APA DC has created a schedule of recurring monthly events, which will give photographers and creatives a chance to collaborate, and build working relationships over the course of 2013. We will continue to heed the requests for both seminars and workshops geared toward success in the contemporary markets. And, of course, we are always looking for the most inspirational artists to come and present their work and success stories.
It has been my privilege to serve the photo community, and I am much richer for the experience. Thank you for your support, and many thanks to Matthew and our new board members for carrying the torch.
I’ve been making my living from photography for almost 15 years.
How did you get started in this field?
Purely by chance. I was working at a post production facility, and my company asked me to take some stills during a video shoot — of the late Steve Irwin, “Crocodile Hunter.” There was another photographer, Steve Barrett, who had been hired by the client to do a portrait of Mr. Irwin. He and I started talking, and next thing I knew, I was taking longer lunch breaks to assist him on local shoots! I became increasingly smitten with the variety of assignments and flexible schedules, and within a year, Steve introduced me to Mike Langford, of Capital Color (a well-respected Q-lab specializing in E-6), and I began working there part-time. I was able to meet a lot of prospective clients (photographers) and began assisting a stable of photographers on a regular basis. This allowed me to jump full-time into assisting, and eventually, I was able to “cut the cord” and make the jump to full-time shooter.
Who are your photographic or artistic influences?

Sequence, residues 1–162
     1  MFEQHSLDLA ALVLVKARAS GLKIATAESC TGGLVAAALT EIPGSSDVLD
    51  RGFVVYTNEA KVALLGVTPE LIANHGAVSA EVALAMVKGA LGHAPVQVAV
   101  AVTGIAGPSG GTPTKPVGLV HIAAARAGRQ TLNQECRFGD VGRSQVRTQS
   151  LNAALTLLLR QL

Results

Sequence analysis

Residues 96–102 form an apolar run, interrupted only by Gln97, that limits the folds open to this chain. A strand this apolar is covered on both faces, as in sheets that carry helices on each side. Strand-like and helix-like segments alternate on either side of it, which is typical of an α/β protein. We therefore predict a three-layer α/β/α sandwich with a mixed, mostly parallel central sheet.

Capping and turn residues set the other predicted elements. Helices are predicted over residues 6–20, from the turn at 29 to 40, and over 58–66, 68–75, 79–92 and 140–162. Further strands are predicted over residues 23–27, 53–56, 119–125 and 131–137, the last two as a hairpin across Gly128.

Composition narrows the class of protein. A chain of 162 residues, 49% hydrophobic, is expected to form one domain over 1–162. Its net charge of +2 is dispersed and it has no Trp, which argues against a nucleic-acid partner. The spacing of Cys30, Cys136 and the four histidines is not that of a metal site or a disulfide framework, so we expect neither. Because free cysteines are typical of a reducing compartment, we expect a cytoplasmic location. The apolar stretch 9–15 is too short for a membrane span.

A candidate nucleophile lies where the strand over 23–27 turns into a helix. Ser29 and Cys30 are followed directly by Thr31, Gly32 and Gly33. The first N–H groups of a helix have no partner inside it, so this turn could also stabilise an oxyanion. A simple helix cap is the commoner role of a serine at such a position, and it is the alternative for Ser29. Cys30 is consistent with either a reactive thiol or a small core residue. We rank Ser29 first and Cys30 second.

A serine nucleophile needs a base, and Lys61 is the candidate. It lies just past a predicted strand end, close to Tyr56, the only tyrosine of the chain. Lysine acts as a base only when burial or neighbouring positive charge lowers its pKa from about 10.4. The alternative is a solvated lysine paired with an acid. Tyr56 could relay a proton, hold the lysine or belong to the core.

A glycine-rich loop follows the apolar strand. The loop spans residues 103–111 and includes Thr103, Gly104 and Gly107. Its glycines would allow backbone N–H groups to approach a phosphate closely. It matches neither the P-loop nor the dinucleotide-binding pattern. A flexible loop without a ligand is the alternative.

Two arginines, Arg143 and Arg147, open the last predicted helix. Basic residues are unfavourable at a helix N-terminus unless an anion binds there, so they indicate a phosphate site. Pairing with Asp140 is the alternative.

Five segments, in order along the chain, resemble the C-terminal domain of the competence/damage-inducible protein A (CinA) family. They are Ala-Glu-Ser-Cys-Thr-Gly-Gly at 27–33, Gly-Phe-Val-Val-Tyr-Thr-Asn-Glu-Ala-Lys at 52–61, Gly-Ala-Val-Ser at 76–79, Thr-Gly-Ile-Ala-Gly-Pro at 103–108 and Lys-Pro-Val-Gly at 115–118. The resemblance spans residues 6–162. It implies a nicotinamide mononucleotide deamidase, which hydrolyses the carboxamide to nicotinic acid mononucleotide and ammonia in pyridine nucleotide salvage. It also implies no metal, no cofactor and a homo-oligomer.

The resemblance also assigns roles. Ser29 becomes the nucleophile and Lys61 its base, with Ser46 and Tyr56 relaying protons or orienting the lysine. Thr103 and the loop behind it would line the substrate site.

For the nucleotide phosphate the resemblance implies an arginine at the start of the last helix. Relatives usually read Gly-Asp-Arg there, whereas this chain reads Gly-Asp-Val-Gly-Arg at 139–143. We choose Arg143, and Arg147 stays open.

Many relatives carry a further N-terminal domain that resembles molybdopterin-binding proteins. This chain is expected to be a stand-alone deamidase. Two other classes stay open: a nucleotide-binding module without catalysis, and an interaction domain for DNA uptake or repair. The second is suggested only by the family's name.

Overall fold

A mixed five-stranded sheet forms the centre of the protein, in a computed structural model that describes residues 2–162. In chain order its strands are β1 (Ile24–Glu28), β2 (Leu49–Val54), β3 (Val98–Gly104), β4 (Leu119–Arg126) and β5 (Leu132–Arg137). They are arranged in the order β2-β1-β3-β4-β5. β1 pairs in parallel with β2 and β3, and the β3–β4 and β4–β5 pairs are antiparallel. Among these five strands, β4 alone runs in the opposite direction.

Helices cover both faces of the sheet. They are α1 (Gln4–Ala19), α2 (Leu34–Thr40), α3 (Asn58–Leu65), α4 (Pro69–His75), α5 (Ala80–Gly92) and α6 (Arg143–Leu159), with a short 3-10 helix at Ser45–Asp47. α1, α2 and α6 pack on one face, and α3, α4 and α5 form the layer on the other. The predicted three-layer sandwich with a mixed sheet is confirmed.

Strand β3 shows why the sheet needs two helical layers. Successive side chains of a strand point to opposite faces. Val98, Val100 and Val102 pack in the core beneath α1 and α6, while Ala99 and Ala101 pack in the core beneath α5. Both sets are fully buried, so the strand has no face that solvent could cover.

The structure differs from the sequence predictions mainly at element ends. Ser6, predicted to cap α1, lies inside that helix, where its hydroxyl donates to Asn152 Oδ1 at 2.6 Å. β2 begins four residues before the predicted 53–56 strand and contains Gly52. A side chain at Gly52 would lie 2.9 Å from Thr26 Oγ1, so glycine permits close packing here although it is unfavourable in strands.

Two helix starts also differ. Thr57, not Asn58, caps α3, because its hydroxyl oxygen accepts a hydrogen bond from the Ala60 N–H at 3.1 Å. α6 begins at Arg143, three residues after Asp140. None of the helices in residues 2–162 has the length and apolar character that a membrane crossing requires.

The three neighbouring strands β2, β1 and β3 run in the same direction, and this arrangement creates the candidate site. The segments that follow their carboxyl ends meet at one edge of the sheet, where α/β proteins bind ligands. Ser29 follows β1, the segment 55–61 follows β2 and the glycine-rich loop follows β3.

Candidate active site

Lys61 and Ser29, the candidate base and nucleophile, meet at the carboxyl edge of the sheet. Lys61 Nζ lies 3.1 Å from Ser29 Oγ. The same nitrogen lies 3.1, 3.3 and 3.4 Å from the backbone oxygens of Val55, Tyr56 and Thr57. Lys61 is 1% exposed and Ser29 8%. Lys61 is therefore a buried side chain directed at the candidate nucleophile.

I couldn’t name anyone for you. My inspirational sources are constantly evolving. If we’re speaking of the formative years, it would be a very strange juxtaposition of National Geographic and Playboy Magazine. (Sorry, Mom!).
How long have you been in the area and what brought you here?
I originally came to DC in 1990, just after I graduated from college. A friend lived down here, and since I played guitar, he invited me to live in his basement, and join his band. I never intended to stay in the DC area, but ended up staying here until 2004, when my wife Linda and I moved to Baltimore.
What do you think are the biggest challenges facing photographers in the metropolitan DC area?
I think it’s the same as it would be everywhere – a lower barrier to entry for the aspiring photographer, which creates a larger pool of photographers competing for a dwindling amount of decent jobs. We have the added problem of not being regarded as a production based area, so for bigger jobs, especially involving outside agencies, clients tend to look at our shooters last, even though the job may be in our back yard.
Can you define a specific “turning point” in your career? Read more